Strike! explained

5 Nov

Usually on Mondays we only feature the Red-Eye Report, but today I wanted to talk a little bit about these writer strikes that are going on.

The average viewer may think that these writer strikes won’t impact them, but if you’re a fan of “The Daily Show,” “SNL,” “All My Children” – and, if it keeps up, eventually “The Office” or “Scrubs,” – you’ll want to understand what’s going on.

In a nutshell, writers believe they deserve more money – especially from things like DVD sales. No negotiations have been met, so writers are on strike.

Shows that depend on daily content – like your late-night talk shows like Letterman and Conan, as well as John Stewart’s show – as well as soap operas who write maybe a week ahead of time, will be affected first. Most daily shows are now prepared to go into reruns.

If this lasts long enough, it could affect sitcoms and other programs, like “Heroes” and, more importantly, the final season of “Scrubs.”

The movie industry, however, shouldn’t feel much of a pinch.

You can keep up with developments on the strike at this blog from the L.A. Times.

One Response to “Strike! explained”

  1. Jeff Clark November 5, 2007 at 3:04 pm #

    From the Myspace blog of James Gunn:

    I’m on strike!

    As a member of the Writers Guild of America, I have been on strike since 12 am last night.

    The only reason for the strike – and don’t believe anything to the contrary – is that the studios have refused to pay writers (and screen actors, and directors) residuals on new media. When you download a movie from Amazon or a TV show on iTunes, the people who created that content, who devised it, wrote it, acted in it, and directed it, get exactly 0% of the profits. And the studios want it to stay that way.

    The WGA was asking for an increase in the residuals made on DVD sales (unlike new media, creators make a small percentage off of DVD and VHS sales, pay-per-view showings, TV sales, etc). For months now the studios have said that this was the reason the contract couldn’t be closed. However, at the 11th hour – last night – the WGA took that off the table. It came down to new media and only new media. And the studios refused to budge.

    This strike is absolutely not a matter of the rich getting richer. We’re not striking because of guys like me who have made numerous feature films, or guys like Greg Daniels who have created popular TV shows. This is for middle-class writers – your regular TV staff writers and people who may have done one or two small feature films. Residuals are a way they can make perhaps a few thousand dollars a year between gigs. This is a way they can put food on the table and pay the rent during downtime – and downtime is something almost all writers (and actors and directors) have.

    And the writers guild are striking not only for themselves – they’re striking for the actors and directors as well. Most likely, whatever deal we agree to is the same deal the actors and directors will get when their contracts are up later this year.

    None of the TV shows or movies you watch would exist without us, the people who created them, who poured our hearts and souls into the making of them. And yet, again, the studios think that only they should be making the money off of them. And new media is exceptionally important – in just a few years that may be the way most of us experience most of our entertainment.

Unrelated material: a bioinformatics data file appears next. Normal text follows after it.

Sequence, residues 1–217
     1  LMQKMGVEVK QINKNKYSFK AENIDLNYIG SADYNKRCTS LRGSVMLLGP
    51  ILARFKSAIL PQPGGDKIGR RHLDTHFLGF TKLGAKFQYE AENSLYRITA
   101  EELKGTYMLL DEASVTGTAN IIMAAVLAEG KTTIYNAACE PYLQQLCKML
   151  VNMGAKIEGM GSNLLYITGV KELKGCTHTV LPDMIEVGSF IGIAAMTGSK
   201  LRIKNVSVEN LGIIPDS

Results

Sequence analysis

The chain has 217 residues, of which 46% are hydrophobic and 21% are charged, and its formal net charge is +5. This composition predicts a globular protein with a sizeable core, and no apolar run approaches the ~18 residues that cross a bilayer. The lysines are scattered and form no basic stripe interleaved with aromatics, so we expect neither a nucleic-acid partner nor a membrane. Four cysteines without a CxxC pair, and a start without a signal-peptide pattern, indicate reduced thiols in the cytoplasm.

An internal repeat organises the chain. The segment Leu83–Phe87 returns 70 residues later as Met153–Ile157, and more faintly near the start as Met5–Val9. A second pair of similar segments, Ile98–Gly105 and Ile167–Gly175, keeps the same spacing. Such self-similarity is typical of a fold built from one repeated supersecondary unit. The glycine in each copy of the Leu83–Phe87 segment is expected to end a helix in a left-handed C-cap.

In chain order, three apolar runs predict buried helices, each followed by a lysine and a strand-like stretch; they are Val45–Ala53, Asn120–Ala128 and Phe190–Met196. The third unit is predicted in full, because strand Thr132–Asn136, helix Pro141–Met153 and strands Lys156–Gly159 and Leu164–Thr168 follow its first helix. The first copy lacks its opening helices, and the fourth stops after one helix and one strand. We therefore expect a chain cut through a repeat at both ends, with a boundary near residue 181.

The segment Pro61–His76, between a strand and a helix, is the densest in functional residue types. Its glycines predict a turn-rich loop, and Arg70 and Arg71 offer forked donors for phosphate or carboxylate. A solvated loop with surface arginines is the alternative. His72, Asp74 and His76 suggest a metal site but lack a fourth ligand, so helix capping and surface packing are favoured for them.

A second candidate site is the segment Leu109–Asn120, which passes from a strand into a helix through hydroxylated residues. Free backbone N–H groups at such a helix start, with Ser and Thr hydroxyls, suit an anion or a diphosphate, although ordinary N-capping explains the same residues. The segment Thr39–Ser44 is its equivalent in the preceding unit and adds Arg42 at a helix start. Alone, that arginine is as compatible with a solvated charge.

I’ve gotten a lot of messages from MySpace folks worried about me or my various projects. The truth is, as long as the strike ends in the next thirty to forty years, I should be personally fine. And, to be quite honest, I’m excited about the break. I’m working on some smaller, non-studio, non-guild related projects with my brothers Brian and Sean, and with the LOLLILOVE crew of Pete Alton and Stevie Blackehart. This is stuff that really fires me up.

    As for my big projects, PETS is definitely on hold, as I’m in the middle of writing the script, and can’t turn anything in until the strike is over. THE BELCOO EXPERIMENT is a different story – the script is completely finished, my deal with the producers is done, and I could direct it if we all chose to do that. But would I want to commit to a movie that I wouldn’t have the freedom to rewrite even if I wanted to?

    However, although the strike for me is, in some ways, a good thing, I recognize how sh#tty it is for the rest of the industry, and the city of Los Angeles in general, so I want it to end quickly. I can’t help but think of all the crew people who are going to lose jobs because of this, or the Burbank waiters and waitresses whose tips are going to dry up as the work around them does – not to mention the strippers across the LA area whose g-strings rely on writers and actors being flush with cash. Let’s end this strike for the strippers, okay?

    Not to mention you guys, the audience. You’re going to start to feel it right away with the late-night talk shows that are going to disappear or get real crappy real quick. And, if it lasts for a bit, you’re going to lose out on the second half of the seasons of your favorite TV shows (already, WGA member Steve Carell didn’t show up to set, so this season of THE OFFICE could be kaput after the next few already-shot episodes.) The studios will also rush movies into production with unfinished scripts which means, in a little less than a year from now, you’re going to see the sh#ttiest movies of all time.

    Be good,

    James

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